Composition of CPI Recreation (5.9%) Food and beverage (16.4%) Apparel (4.2%) Transportation (16.6%) Medical care (6.0%) Housing (40.5%) Other (5.0%) Education and Communication (5.4%)
Creating a Price Index A price index is calculated by dividing the current price of a basket of goods by the price of the basket in a base year then multiplying by 100.
Creating a price index Basket of goodsPrices in base year Prices in current year Expenditure in base year Expenditure in current year 10 pairs of jeans $20/pair$25/pair$200$250 12 flannel shirts$15/shirt$20/shirt$180$240 100 lb of oranges $.80/lb$1.05/lb$80$105 80 lb of apples$1.00/lb $80 Total Expenditures $540$675
Price Index Price of basket in current year/ Price of basket in base year x 100
Babe Ruth Salary in 1930: $80,000 “I had a better year than he did.” -- Babe Ruth when told his salary was higher than President Hoover’s
Mark McGwire Salary in 1998: $8.3 million How does it compare with Babe Ruth’s salary? The CPI for 1930 was 0.167 and in 1998 it was 1.64. (The base year was an average of the period 1982-84.)
Divide nominal amount by index 80,000/.167 479,042 8,300,000/1.64 5,060,980
Questions for Thought: 1. What do price indexes measure? 2. What is the difference between the CPI and the GDP deflator? Which would you use if you wanted to measure whether your own earnings this year were higher than they were last year? 3. The CPI was 190 in 2004 compared to 100 in 1983. Suppose that the price of a ticket at a local movie theater rose from $4 to $8 between 1983 and 2004. Did the real ticket price increase or decrease? Calculate the 1983 ticket price measured in 2004 dollars.
Questions for Thought: a. Calculate the real GDP in 2001, 2002, and 2003 measured in 2000 dollars. b. What was the percent change in real GDP between 2001 and 2002? What was the percent change between 2002 and 2003? c. What was the inflation rate as measured by the GDP deflator in 2002 and 2003? Nominal GDP (trillions of $) GDP deflator (2000=100.0) 2001 2002 2003 $10.10 10.48 10.99 102.4 103.9 105.7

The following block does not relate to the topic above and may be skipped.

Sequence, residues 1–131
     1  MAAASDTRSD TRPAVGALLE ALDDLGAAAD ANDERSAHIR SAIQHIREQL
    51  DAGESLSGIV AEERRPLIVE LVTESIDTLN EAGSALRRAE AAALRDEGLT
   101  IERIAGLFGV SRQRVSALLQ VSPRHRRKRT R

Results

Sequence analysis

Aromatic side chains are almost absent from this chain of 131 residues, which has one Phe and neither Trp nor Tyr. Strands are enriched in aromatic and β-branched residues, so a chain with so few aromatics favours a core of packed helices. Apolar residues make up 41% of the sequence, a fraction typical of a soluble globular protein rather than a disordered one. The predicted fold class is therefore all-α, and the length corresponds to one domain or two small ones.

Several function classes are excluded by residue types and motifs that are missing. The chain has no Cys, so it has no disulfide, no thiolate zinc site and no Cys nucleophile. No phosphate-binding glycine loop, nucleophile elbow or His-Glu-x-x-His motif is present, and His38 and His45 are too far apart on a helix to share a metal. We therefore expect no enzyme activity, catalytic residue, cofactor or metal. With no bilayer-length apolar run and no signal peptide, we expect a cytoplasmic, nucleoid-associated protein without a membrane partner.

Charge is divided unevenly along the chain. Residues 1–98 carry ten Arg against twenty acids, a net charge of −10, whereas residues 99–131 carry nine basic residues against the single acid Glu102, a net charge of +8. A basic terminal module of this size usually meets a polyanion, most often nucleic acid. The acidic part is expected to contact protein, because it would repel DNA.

Questions for Thought: 1. When making income and GDP comparisons across time periods, why is it important to adjust for changes in the level of prices? 2. If nominal GDP during a year increased by 7% while the GDP deflator rose by 10 %, what happened to real GDP? 3. GDP does not count services such as child care, food preparation, cleaning, and laundry within the household. Why not? Is GDP a sexist measure? Does it understate the productive contributions of women relative to men?
Questions for Thought: 4. On Sept. 11, 2001, terrorists crashed 2 planes into the World Trade Center in New York, killing 3000 people and causing the towers to collapse. Which of the following best indicates how GDP was influenced by the damages from the attack and the cleanup that followed? (a) The damage from the attack was subtracted from GDP, while the expenditures from the cleanup were added. (b) Neither the damages from the attack nor the expenditures from the cleanup affected GDP. (c) No adjustment was made for the damages from the attack, while the expenditures from the cleanup were added to GDP.
Questions for Thought: 5. Which of the following are included in GDP? a. the value of goods produced in the underground economy b.the value of leisure c.increases in the value of housing and financial assets d.depreciation in the value of real assets such as equipment and buildings e.the value of services such as food preparation and house cleaning that we provide for ourselves
Questions for Thought: 6. Your father tells you he earned $1.50 per hour when he was 16 in 1969; you made $6.00 per hour when you were 16 in 2003. Given that the CPI was 36.7 in 1969 and 184 in 2003, which of the following is the 2003 equivalent of your father’s hourly earnings when he was 16? (a) $2.76 (b) $6.23 (c) $7.52